The History of Country Veterinary Hospital

January 7, 2020

Our founder and former owner, Dr. Richard Hough recounts the story of how it all began

When the first hospital was opened July 1960, it occupied a rehabbed woodshed. Water was brought to this facility in a one gallon jug. Office hours were held in the evening after farm calls were completed. The patients seen were approximately one third pet dogs and cats, one third farm dogs, and one third hunting dogs. The community here in Western Howard County was rural. Mount Airy was very small and had only one stoplight.

The first veterinary hospital was located on the farm where I grew up and worked. My home was a new trailer located behind the woodshed. My wife was a school teacher and my mother was our receptionist the first year. Our telephone number was 549W. The telephone system was staffed by telephone company operators who occasionally took our calls when my mother wasn't available. My wife retired from school teaching the second year and became our receptionist, lab technician, assistant surgeon and bookkeeper.

After the first year we moved to the second Country Veterinary Hospital, which was a remodeled chicken house. The nesting boxes were replaced with kennels for our patients. Post-surgical patients recovered in our living quarters in the trailer. They frequently would, upon recovery, get in bed with us. The below picture was recorded long after we had moved to our new facility. Being a veterinarian in this early rural community was exciting. Our patients included fawns caught and lacerated in farm machinery, injured foxes, and numerous other creatures.

The construction of the present Country Veterinary Hospital began in 1964 and was completed in 1965. We were very lucky in that we were welcomed and supported by the community with one minor exception. The then owner of the Longview Bar, which was located two city blocks west of the hospital had a concern. He presented his concern at the zoning hearing which was required for the construction of the veterinary hospital. His concern was that there would be disease here in this facility. I presented the idea that he saw more disease in his facility on Saturday night that I would see any year.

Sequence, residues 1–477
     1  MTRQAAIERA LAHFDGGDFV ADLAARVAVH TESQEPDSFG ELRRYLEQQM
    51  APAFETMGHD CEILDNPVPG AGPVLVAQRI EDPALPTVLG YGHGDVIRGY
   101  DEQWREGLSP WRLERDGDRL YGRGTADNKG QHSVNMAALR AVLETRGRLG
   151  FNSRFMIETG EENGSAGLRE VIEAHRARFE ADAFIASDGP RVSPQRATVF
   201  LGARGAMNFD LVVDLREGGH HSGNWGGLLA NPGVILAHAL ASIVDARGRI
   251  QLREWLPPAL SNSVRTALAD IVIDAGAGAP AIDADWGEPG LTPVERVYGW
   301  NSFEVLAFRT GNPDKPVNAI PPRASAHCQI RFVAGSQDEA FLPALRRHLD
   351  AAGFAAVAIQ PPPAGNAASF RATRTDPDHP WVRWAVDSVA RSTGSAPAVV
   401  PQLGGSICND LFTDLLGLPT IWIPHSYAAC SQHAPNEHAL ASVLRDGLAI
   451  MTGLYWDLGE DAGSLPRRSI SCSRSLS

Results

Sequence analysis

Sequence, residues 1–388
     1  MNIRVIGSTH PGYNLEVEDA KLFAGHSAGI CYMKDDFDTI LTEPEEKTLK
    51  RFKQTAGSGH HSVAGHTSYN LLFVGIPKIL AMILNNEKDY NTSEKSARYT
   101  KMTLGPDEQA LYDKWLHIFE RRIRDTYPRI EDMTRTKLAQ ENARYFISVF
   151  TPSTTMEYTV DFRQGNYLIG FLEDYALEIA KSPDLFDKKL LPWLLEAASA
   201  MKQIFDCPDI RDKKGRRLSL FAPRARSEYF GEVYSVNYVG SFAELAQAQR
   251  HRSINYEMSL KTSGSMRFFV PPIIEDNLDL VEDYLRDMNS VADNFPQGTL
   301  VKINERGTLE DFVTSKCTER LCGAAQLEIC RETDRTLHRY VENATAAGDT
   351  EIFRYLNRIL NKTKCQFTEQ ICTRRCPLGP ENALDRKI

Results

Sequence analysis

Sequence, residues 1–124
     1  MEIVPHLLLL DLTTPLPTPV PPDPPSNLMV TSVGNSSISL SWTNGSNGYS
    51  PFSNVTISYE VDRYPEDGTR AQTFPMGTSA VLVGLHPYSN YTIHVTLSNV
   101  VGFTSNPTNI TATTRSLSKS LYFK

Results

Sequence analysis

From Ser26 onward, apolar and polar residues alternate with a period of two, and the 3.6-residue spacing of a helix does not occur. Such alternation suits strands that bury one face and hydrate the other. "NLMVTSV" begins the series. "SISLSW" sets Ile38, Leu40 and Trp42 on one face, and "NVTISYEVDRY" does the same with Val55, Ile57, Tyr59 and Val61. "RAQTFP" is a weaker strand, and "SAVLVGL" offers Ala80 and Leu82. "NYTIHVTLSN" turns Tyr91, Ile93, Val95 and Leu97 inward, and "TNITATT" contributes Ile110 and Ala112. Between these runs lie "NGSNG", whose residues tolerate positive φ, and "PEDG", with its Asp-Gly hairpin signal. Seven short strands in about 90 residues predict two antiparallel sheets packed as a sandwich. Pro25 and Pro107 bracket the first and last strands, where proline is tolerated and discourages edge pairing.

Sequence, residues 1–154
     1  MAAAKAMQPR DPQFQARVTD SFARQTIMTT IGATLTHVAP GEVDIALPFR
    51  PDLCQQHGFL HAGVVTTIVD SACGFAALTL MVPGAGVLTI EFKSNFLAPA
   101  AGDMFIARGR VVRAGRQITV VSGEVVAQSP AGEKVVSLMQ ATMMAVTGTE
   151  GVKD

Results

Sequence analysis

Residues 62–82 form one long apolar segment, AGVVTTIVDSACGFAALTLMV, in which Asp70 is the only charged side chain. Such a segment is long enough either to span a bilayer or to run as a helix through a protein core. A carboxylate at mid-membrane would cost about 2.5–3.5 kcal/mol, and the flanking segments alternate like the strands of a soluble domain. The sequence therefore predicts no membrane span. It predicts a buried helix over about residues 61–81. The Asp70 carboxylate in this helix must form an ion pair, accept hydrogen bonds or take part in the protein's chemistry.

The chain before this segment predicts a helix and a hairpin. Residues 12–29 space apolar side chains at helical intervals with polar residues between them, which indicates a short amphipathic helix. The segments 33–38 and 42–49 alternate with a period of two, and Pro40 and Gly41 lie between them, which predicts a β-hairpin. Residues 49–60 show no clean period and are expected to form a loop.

The community was most supportive and after a brief period of laughter, our request was approved and the small animal facility was constructed and completed. The practice identity changed from one of several hundred cattle herds, to very large thoroughbred horse breeding farms. As a community changed so did the practice. There were, at one time five veterinarians serving the Country Veterinary Hospital, treating horses and small animals.

My family and I lived above the hospital from 1965 until 1985. We had many adventures in those years, ranging from police officers bringing injured animals to our door front for treatment, to individuals asking for treatment. The small animal hospital was added and included one of the first equine surgeries and hospitals in the area in the early 1970s. Our lives and our inclusion in the history of this facility have given us great pride and appreciation for our good fortune and being a part of the community."